Ibn al-Qayyim again: ‘Thus from Allah’s wisdom, transcendent is He, is that He first made them taste the bitterness of defeat and of being overcome – despite their large numbers, strength and preparation – so that heads that were raised in the Conquest of Makkah, should be lowered. For they did not enter His city and sanctuary as Allah’s Messenger, peace be upon him, had done: head bowed upon his horse; to the extent that his head almost touched the saddle out of humility to his Lord, humbleness to His glory, and submission to His might. For Allah had made lawful to him His sacred city [Makkah] and sanctuary, and had not made it lawful to anyone before him nor to anyone after him. [All this occurred] so that He could make it clear to those who said, “We will not be defeated today due to our numbers,” that help and victory come from Him alone; that whomsoever He helps, none can overcome; and that whomsoever He forsakes, none can grant victory to. [And that] it was He who took it upon Himself to give victory to His Messenger and to His religion – not because of their numbers that they revelled in. Such numbers, in fact, were of no avail to them, since they turned and fled. But when their hearts were humbled, Allah sent down the removal of their distress and a foretaste of victory by sending down His tranquility upon His Prophet and upon the believers, and by sending an army unseen. Hence from His wisdom is that He sends down His victory and gifts to them when their hearts become humbled and broken: And We desired to show favour to those who were oppressed in the earth, and to make them leaders, and make them inheritors. And to grant them power in the earth, and to show Pharaoh, Haman and their hosts that which they feared. [28:5-6]‘5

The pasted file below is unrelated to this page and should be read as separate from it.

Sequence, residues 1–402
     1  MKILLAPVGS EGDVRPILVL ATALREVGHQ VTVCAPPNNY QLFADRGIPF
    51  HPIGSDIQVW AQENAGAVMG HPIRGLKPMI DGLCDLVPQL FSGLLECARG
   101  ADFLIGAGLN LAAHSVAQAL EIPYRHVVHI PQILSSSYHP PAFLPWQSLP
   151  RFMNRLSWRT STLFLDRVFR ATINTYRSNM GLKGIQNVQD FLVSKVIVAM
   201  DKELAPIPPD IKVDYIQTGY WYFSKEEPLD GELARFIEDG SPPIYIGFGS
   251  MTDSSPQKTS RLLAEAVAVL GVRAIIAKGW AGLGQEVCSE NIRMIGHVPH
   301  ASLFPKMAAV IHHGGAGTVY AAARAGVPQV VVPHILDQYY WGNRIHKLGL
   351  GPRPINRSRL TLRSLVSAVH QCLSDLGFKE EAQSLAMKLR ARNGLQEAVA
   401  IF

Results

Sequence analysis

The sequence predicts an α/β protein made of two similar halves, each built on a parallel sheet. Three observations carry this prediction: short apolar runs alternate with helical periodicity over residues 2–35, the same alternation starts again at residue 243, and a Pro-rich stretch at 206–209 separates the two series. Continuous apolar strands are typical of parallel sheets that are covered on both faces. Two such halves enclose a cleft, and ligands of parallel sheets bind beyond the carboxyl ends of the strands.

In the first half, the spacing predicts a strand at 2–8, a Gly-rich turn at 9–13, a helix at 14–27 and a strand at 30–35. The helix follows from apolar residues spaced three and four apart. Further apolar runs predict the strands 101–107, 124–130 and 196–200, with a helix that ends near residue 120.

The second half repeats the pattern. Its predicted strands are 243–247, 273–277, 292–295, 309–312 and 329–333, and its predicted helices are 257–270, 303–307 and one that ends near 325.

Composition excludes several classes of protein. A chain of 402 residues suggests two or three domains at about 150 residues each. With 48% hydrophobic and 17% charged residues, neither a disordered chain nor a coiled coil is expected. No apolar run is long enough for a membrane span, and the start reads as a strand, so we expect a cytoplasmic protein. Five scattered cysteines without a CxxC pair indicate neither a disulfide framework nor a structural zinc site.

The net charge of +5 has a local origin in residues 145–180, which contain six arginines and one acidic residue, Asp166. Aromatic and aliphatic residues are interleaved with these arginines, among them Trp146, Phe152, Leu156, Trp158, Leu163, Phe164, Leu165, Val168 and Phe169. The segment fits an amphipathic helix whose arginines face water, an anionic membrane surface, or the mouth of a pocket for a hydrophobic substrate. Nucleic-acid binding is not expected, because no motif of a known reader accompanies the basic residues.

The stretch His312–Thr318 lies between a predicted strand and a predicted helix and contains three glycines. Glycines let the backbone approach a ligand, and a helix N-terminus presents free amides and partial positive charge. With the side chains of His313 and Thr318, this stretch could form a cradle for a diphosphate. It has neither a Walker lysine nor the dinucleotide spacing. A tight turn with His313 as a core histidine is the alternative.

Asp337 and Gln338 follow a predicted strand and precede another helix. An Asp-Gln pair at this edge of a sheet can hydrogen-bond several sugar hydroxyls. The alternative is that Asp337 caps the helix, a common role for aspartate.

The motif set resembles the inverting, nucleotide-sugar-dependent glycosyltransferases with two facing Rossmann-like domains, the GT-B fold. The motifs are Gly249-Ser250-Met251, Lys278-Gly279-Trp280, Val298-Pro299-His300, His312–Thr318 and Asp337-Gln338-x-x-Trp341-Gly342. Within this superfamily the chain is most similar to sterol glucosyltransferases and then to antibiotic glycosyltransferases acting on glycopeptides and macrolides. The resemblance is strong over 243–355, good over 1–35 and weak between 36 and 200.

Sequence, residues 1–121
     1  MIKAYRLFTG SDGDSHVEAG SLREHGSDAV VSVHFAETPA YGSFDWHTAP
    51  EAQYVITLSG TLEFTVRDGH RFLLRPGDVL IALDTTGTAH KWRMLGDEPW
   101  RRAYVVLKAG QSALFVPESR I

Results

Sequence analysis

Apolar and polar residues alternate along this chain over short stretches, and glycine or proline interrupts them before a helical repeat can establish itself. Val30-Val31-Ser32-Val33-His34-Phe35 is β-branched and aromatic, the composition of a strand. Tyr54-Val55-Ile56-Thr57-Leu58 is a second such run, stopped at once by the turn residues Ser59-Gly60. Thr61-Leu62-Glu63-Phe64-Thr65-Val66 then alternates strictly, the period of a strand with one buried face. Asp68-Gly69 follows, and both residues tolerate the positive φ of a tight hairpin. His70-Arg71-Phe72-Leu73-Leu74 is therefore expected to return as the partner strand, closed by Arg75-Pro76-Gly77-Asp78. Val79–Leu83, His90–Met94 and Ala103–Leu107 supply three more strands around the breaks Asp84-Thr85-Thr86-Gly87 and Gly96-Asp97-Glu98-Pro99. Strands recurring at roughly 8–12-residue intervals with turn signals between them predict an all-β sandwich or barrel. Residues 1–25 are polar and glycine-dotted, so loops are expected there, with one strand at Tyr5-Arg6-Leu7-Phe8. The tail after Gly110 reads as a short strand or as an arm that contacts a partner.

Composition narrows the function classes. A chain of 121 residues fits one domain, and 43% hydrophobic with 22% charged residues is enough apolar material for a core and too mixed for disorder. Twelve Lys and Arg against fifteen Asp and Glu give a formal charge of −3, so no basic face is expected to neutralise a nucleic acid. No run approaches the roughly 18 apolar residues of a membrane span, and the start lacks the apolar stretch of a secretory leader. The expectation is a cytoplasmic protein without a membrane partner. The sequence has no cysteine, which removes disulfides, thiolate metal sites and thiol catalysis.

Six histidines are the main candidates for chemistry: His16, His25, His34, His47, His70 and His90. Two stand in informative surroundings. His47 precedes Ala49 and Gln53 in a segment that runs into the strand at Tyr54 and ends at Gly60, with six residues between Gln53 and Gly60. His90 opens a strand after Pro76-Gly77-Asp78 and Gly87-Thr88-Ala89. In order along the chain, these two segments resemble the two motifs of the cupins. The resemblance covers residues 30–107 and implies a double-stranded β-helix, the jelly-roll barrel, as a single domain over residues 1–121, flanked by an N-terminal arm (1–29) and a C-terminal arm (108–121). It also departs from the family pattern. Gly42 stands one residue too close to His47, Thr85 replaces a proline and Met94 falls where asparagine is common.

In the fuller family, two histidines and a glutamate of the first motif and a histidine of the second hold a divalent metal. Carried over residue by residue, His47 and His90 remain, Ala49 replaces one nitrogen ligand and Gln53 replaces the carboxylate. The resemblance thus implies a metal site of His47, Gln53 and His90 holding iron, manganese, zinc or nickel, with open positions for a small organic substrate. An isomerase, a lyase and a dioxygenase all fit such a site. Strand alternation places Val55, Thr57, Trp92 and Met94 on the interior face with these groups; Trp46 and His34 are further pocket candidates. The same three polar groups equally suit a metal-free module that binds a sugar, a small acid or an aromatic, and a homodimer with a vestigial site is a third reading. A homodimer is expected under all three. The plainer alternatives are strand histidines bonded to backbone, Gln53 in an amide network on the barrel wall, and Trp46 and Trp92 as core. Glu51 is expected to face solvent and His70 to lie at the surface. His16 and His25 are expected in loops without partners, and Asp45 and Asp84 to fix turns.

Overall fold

The core lesson of Hunayn is, undoubtedly, to never overlook the real, most essential reason for victory: Allah. For victory comes from Him, not from numerical strength. (We do, however, have a duty to tie our camel, as one hadith says, and to then trust in Him.) The Muslims were initially given to taste the bitterness of defeat in order that they might remember precisely this. In fact, large numbers – in the absence of hearts feeling humbled before the majesty and might of Allah – are of little use. Having been taught a lesson in humility; having their pretensions of numerical strength shattered; and having presented their broken hearts to Allah, Allah then granted the believers victory at Hunayn at the hands of a small band of courageous, steadfast Muslims who remained dedicated to the Prophet, peace be upon him.
Allah is with the broken-hearted and will call overconfident, self-assured Muslims to account if they exult in their numbers or their material achievements – as He will call proud establishments and arrogant religiousness to account.
W’Llahu wali al-tawfiq.
1. Ibn Hajr al-Haytami citing al-Zarkashi, Tuhfat al-Muhtaj bi Sharh al-Minhaj (Beirut: Dar Sadir, 1972), 9:211.
2. Al-Bukhari,. For comparisons between Jihad theory and Western Just War theory, consult: Kelsay & Johnson (eds.), Just War and Jihad: Historical and Theoretical Perspectives on War and Peace in Western and Islamic Traditions (New York, Westport & London: Greenwood Press, 1991).
4. Zad al-Ma’ad fi Hady Khayr al-’Ibad (Beirut: Mu’assasah al-Risalah, 1998), 3:214.
5. ibid., 3:418-9.
This was originally posted on The Humble “I”